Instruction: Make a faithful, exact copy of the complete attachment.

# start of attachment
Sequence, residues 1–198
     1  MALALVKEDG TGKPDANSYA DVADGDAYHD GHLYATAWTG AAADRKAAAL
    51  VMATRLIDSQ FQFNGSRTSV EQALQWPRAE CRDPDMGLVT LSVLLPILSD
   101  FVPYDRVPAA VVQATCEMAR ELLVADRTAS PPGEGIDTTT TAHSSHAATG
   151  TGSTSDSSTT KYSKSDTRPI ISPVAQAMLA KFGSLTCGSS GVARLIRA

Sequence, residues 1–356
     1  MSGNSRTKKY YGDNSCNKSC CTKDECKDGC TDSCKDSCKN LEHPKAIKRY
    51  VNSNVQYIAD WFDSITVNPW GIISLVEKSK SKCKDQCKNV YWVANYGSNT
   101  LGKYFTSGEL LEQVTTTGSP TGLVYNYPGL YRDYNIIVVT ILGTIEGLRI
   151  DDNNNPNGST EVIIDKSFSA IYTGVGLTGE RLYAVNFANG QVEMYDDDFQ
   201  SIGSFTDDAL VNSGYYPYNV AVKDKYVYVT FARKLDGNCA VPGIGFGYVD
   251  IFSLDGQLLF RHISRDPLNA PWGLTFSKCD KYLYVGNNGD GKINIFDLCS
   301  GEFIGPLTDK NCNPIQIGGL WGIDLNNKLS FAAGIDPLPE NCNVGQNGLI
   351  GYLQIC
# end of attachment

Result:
Sequence, residues 1–198
     1  MALALVKEDG TGKPDANSYA DVADGDAYHD GHLYATAWTG AAADRKAAAL
    51  VMATRLIDSQ FQFNGSRTSV EQALQWPRAE CRDPDMGLVT LSVLLPILSD
   101  FVPYDRVPAA VVQATCEMAR ELLVADRTAS PPGEGIDTTT TAHSSHAATG
   151  TGSTSDSSTT KYSKSDTRPI ISPVAQAMLA KFGSLTCGSS GVARLIRA

Sequence, residues 1–356
     1  MSGNSRTKKY YGDNSCNKSC CTKDECKDGC TDSCKDSCKN LEHPKAIKRY
    51  VNSNVQYIAD WFDSITVNPW GIISLVEKSK SKCKDQCKNV YWVANYGSNT
   101  LGKYFTSGEL LEQVTTTGSP TGLVYNYPGL YRDYNIIVVT ILGTIEGLRI
   151  DDNNNPNGST EVIIDKSFSA IYTGVGLTGE RLYAVNFANG QVEMYDDDFQ
   201  SIGSFTDDAL VNSGYYPYNV AVKDKYVYVT FARKLDGNCA VPGIGFGYVD
   251  IFSLDGQLLF RHISRDPLNA PWGLTFSKCD KYLYVGNNGD GKINIFDLCS
   301  GEFIGPLTDK NCNPIQIGGL WGIDLNNKLS FAAGIDPLPE NCNVGQNGLI
   351  GYLQIC